Queues and algebra

Suppose we have a state machine Q, that implements a common first in first out queue. The input alphabet of Q consists of “Deq” and “Enq x” where “x” ranges over a set of values, say, V. Let’s fix the max length of Q at some constant k. As usual, given a sequence of events “w”, write Q(w) for the output of Q in the state reached by following “w” from the initial state. For the empty string NULL, define Q(NULL)=(). If a=Deq then define Q(wa) depending on Q(w) – if Q(w)=() or Q(w)=(x) then Q(wa)=(). If Q(w)=(x1 .. xn) then define Q(wa)=( x1 …). If a=Enq x then if Q(w)=() define Q(wa)=(x), if Q(w)=(x1 .. xn) where n<k define Q(wa)=(x,x1 … xn) and otherwise leave Q(wa)=Q(w). The number of states of Q is a function of the number of elements of V and the constant k and grows rapidly as they grow – sum[i=1, k](|V|^i  ).

If you visualize the graph of Q, you can see it contains non-trivial loops – which means that the monoid associated with Q contains groups. The advantage of decomposing Q into a product of smaller machines is that this might guide a smarter implementation. Well, I’m kind of cheating here, because programmers have found a variety of smart implementations that do strip out the group structure.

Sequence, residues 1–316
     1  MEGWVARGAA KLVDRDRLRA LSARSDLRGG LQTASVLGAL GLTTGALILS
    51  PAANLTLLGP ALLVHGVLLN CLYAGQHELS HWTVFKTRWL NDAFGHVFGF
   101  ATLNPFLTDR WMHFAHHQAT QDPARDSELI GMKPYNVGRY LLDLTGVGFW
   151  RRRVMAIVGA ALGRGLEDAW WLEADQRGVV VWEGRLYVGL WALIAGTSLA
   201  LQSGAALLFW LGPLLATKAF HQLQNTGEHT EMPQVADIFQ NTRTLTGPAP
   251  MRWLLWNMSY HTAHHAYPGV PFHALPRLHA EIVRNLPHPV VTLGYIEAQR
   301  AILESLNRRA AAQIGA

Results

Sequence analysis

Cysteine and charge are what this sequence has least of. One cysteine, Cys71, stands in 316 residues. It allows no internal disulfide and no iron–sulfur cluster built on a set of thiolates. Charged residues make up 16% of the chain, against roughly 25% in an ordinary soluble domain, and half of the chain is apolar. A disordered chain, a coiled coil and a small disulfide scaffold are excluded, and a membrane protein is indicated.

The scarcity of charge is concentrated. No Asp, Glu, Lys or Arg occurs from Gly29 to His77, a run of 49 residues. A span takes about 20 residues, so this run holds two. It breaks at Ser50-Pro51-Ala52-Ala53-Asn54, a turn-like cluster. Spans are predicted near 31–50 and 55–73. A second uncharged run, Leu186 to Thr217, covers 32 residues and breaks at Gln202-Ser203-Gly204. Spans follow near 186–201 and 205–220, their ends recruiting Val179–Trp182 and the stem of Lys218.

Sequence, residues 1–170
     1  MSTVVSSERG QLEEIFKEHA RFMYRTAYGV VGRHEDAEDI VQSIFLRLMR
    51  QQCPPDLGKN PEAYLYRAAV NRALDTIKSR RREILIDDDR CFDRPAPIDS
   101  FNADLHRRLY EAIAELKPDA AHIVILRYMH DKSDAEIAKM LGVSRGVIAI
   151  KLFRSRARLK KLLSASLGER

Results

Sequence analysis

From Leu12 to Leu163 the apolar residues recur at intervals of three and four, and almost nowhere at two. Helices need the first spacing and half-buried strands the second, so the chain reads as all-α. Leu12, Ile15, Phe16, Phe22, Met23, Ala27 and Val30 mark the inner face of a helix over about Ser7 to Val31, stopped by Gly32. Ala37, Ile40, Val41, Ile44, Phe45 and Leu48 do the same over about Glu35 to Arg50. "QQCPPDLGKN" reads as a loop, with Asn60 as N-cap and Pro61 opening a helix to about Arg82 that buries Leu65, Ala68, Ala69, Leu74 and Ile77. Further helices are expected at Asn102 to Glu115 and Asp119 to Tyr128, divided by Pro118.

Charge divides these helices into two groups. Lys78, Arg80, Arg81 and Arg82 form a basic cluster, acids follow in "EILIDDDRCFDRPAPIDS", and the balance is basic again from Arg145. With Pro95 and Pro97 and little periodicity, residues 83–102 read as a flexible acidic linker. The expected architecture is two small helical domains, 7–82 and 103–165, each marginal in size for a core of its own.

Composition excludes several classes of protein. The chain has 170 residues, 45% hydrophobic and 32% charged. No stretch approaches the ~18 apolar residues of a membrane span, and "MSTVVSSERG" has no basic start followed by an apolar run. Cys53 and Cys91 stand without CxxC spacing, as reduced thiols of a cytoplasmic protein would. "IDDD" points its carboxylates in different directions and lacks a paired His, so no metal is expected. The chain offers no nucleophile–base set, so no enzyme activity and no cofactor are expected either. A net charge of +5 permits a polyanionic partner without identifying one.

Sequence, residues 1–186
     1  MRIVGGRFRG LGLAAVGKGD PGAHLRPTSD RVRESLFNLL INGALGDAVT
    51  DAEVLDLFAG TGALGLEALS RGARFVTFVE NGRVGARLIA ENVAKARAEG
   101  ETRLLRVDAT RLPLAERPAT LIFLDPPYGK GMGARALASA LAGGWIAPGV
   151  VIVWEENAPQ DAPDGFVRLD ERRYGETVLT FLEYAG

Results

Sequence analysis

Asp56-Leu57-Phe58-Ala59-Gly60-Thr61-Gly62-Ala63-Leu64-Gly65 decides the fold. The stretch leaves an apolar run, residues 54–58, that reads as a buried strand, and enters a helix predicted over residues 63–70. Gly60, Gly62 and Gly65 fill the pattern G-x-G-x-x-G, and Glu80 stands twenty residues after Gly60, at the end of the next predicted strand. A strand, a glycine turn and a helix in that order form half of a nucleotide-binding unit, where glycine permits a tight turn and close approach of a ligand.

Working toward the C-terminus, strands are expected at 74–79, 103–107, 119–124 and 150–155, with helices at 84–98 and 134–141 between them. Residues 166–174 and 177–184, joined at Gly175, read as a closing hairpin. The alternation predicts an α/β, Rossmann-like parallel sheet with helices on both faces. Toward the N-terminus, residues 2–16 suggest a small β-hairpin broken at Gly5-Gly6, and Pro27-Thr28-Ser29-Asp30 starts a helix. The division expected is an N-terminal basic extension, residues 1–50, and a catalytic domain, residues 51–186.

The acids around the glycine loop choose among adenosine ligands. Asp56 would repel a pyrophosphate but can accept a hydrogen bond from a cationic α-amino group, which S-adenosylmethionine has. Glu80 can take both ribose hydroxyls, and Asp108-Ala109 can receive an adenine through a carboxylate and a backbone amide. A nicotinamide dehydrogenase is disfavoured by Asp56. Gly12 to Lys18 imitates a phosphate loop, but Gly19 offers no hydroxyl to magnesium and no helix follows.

The easy decomposition produces two counters, and a collection of k storage elements that are loop free state machines: an input “store x” moves the machine to a “x” state. They do contain loops but only trivial ones. The counters are group machines. We number the storage cells 0 to k-1.  We can have one mod k counter that “points” to the tail of the queue and one that counts the size of the queue. On an enq operation the enqueued value is stored in the storage element identified by subtracting the size from the tail mod k,   and the size is increment mod k+1. An enq operation when the size=k is ignored and has no effect. On a deq, the size is decremented and the tail is incremented by one mod k+1. What we’ve done is construct a system in which the state machine monoids are two cyclic groups and k-aperiodic monoids. If we then switch to more complicated data structures, like ordered lists, it’s not that hard to see how a permutation group might be used to manipulate pointers to a pile of storage locations. For example (n1,n2,n3,n4,blank, n5,n6) might be an ordered list with n5 and n6 being free. An enqueue would generate some shuffle to say, (n1,n2,n5,n3,n4,blank,n6) and then a dequeue would produce (n2,n5,n3,n4,blank, n6,n1).

A nice property of groups is that “undo” always works. So if the data in the storage elements can be marked in some way, a deq or enq can be undone by subtracting mod k or permuting backwards.


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